6 Tips That Will Clear Your Confusions About U.S. Expat Tax

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Filing returns as an expat is a complex task, considering you must comply with regulations in your home country and the host country where you currently reside. Not declaring income as stated by taxation laws and missing out on paying the applicable dues can earn you penalties, fines and even jail terms. All of this can be avoided by relying on the expertise of a tax consultant for U.S. expats and following their advice. Read ahead for an overview of how expat taxes work.

Yes, You Read that Right! You’ll Continue to File Returns with the U.S. IRS

Most expats are unaware that regardless of where they live and work, they are required to file returns with the IRS just as they did while they were living in the U.S. If you retain American citizenship or a Green Card, you’re liable to pay taxes to the U.S. government by filing Form 1040. You must declare income earned from all worldwide sources in the returns, regardless of whether the aggregate income falls within the taxable bracket. Since you must also file returns in your adopted country within the predetermined deadlines, it is always advisable to have a professional assist you with the task.

Let’s Understand Filing Deadlines

The American financial year extends from Jan. 1 to Dec. 31, following the usual calendar year. Residents and citizens must file returns and pay applicable taxes by April 15 of the next year. The IRS makes allowances for expats and permits them a two-month extension up to June 15. However, you must pay estimated taxes before this date, or you could incur penalties and fines for late payment.

 

In case you’re unable to file returns by this date, you can request a further extension up to Oct. 15 by completing and submitting Form 4868. This provision is helpful for expats who live in nations with different financial years and must calculate their income according to distinct timelines. For instance, the fiscal year in the U.K. runs from April 6 to April 5 in the following year.

You’ll Take Advantage of Exclusions

The U.S. IRS has several provisions that enable expats to avoid paying taxes on the same income to two different countries. Your tax consultant will direct you on the exclusions you can avail of and the particular exclusions that will save you the maximum tax. Here’s a quick look at some of them:

Foreign Earned Income Exclusion (FEIE) 

Each year the IRS sets an income limit, which is $112,000 for 2022. Expats can deduct this amount from their gross income and pay taxes only on the amount remaining. For instance, if you earn a total of $115,000, you’re liable to pay taxes only on $3,000. To qualify for this allowance, you must prove that you’re a permanent resident of another country and have lived in the U.S. for only 35 days in an entire year. Keep in mind that the FEIE only applies to income actually earned. You cannot claim exclusions for rental income, interest on investment products, retirement funds and any other passive income.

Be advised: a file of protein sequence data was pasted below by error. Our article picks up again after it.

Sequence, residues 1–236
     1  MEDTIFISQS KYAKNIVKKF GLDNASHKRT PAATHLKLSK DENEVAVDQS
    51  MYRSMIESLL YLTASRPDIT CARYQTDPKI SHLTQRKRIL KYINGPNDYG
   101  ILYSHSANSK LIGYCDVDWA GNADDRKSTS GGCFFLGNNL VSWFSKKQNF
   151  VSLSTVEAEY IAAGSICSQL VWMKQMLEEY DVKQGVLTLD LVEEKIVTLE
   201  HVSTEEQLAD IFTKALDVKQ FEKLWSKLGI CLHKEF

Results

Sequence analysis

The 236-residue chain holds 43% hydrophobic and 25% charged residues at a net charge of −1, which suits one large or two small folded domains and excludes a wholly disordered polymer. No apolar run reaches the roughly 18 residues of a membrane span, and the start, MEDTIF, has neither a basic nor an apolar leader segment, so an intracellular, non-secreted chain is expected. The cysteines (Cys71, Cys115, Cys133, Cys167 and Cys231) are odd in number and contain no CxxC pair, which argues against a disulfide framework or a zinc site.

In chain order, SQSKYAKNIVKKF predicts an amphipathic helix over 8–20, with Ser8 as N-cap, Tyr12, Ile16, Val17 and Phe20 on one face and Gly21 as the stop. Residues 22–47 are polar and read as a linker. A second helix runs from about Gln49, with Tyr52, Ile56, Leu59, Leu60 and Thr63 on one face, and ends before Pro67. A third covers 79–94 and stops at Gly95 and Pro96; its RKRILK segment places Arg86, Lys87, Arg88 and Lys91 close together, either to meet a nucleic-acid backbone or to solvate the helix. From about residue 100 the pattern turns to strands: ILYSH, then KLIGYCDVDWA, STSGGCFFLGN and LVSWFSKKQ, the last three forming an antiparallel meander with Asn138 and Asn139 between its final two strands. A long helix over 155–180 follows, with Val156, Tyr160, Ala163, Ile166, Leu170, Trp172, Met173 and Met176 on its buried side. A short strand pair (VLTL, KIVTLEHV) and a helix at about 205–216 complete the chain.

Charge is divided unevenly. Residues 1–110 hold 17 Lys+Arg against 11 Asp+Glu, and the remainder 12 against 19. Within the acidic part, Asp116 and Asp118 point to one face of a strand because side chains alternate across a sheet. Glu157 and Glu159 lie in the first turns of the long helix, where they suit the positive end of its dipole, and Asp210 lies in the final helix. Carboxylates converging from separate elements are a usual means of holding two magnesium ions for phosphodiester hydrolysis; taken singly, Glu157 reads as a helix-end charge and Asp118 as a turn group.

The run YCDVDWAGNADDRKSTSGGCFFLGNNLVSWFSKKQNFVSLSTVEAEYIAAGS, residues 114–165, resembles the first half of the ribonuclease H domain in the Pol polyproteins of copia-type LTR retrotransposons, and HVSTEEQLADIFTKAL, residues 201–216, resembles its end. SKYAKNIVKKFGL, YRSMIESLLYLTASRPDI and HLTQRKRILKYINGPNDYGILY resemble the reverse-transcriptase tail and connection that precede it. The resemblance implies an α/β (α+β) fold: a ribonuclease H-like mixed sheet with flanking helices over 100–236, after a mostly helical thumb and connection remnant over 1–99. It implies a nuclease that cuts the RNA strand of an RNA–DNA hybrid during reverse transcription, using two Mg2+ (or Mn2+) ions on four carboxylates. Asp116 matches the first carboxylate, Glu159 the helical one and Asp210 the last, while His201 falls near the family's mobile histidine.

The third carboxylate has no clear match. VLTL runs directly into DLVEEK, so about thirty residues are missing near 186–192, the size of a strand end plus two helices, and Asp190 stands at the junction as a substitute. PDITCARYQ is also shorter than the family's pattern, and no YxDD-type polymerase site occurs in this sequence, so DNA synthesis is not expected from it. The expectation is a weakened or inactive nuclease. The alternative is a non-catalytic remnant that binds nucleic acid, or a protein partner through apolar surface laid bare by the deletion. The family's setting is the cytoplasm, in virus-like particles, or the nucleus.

Foreign Tax Credit (FTC) 

Expats can claim a credit for the taxes they pay to their host country in their IRS returns dollar for dollar. If you don’t claim the credit in a particular year, it can be carried forward to the ensuing years. However, expats are permitted to avail of the FEIE or FTC on a specific income in a given year. You can claim both exclusions on incomes from different sources in a single year. When working out whether to claim the FTC, you’ll compare tax rates in the U.S. and your host country. If the rates are higher in the U.S., availing of the FEIE is more advantageous and vice versa.

Foreign Housing Exclusion (FHE) 

This provision permits expats to deduct their rent and other living expenses from their income before paying taxes on the balance through the Foreign Housing Exclusion. The exact amount is calculated according to the number of family members living with you. Typically, the exclusion ensures a decent standard of living, and you can deduct expenses like food, clothing, personal needs, rent, parking rental, leasing furniture and repairs. You can also include costs like homeowner’s insurance and utilities other than the internet, phone and cable TV.

Filing the Foreign Bank Account Report (FBAR)

If you have bank accounts or any other investment accounts in the foreign country, and at any time, you have a total balance of more than $10,000, you must file the FBAR with the IRS. Even if the account is not registered in your name, but you are an authorized signatory, you’re liable to file the FBAR.

 

Make sure to factor in these tips when filing your returns and stay compliant with the rules.

 

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